Chair: Thomas Belcher, Australia
Co-Chair: Suzanne Tylko, Canada
Room: Philips Hall

Side-impact crashes continue to account for a significant percentage of crash fatalities and injuries worldwide. The introduction of improved side-impact test dummies and instrumentation will continue to challenge vehicles' responses in side-impact crashes. Additionally, while advanced vehicle control and safety technologies have been introduced into a large segment of the new vehicle fleet, rollover-related deaths still represent a significant portion of the overall fatalities. This session invites papers related to understanding considerations behind new test dummies, performance measures, and the changing worldwide crash environment. The session may also discuss countermeasures to reduce the occupant risk of injury in side-impact and rollover crashes.

TRACK C: Crash Avoidance: Automated Driving Systems Levels 3, 4 and 5: Product Evolution, Evaluation and Real-World Deployment Challenges

Chair: Riender Happee, Netherlands
Co-Chair: Professor Kyongsu Yi, Republic of Korea
Room: Dome

Automated Driving Systems could become one of the most exciting and important innovations in transportation history. Significant research, development, and testing activities are ongoing worldwide to facilitate their safe deployment. Approaches to building public acceptance, trust, and confidence remain some of the most important challenges. This session invites papers related to new safety metrics; system performance testing and evaluation approaches including utility of track, simulation, and on-road testing; next-generation test tools and methods to perform tightly coordinated multi-vehicle scenario tests safely; approaches to addressing the challenges associated with handling a variety and volumes of driving data; approaches to identifying minimum datasets and data trigger points to validate assumptions and confirm performance expectations; approaches to assessing the common sub-functions of driving automation, such as localisation, perception, prediction, path planning, etc. independently. This session may also discuss topics such as minimum risk conditions, the notion of "takeover-readiness" for Level 3 systems, and holistic approaches to understanding the intersection of mobility and safety impacts of ADS.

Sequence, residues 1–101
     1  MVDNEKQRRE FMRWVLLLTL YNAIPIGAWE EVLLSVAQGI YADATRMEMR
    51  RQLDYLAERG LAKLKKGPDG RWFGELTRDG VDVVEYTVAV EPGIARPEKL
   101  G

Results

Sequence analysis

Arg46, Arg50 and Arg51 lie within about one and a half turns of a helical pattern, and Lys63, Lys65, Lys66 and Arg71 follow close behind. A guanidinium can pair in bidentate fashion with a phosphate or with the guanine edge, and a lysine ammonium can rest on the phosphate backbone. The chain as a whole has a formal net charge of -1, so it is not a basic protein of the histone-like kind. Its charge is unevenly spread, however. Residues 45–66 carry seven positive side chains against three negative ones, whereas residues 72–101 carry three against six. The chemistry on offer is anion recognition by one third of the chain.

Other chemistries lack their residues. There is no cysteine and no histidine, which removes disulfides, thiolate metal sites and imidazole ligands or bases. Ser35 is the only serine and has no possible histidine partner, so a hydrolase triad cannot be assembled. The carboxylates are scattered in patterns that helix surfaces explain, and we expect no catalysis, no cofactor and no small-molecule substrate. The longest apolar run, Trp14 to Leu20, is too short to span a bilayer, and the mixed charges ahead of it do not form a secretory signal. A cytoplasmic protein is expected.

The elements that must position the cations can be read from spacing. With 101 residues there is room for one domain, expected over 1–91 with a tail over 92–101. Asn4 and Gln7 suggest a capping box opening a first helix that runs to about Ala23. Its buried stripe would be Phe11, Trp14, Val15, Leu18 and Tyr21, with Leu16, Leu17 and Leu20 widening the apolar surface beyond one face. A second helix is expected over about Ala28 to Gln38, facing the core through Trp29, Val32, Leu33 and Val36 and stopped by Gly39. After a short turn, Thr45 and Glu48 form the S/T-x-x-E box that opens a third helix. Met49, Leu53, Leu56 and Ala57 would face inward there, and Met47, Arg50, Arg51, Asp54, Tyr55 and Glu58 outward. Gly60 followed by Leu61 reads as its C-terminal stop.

Wednesday 12 June 2019

08:00 - 08:30 : Networking & Coffee

TRACK A: Biomechanics: Advances in Crash Test Dummies, Instrumentation and Data Analysis

Chair: Philippe Vezin, France
Co-Chair: Dr Kevin Moorhouse, United States
Room: Neptune

New or improved crash test dummies are continuously being developed for various crash mode applications. This development involves consideration of new analytical techniques to evaluate and improve dummy biofidelity. The WorldSID and THOR dummy families are in final development, while other new dummies such as BioRID and advanced child dummies are being considered for widespread use. The application of these new dummies is preceded by assessments for biofidelity, durability, repeatability, and reproducibility of the respective dummies and often occasions consideration of the use of novel/new designs and of new materials. Finally, mathematical models of dummies continue to improve. Technical papers are invited to discuss new dummies and improvements to existing dummies, as well as related instrumentation and analytical techniques that are under development to address future safety needs for vehicle design, testing, and restraint system development.

TRACK B: Restraint System Design and Performance Challenges: Addressing the Needs of Diverse Populations (Age, Gender, Stature)

Chair: Riske Meijer, Netherlands
Co-Chair: Lotta Jakobsson, Sweden
Room: Philips Hall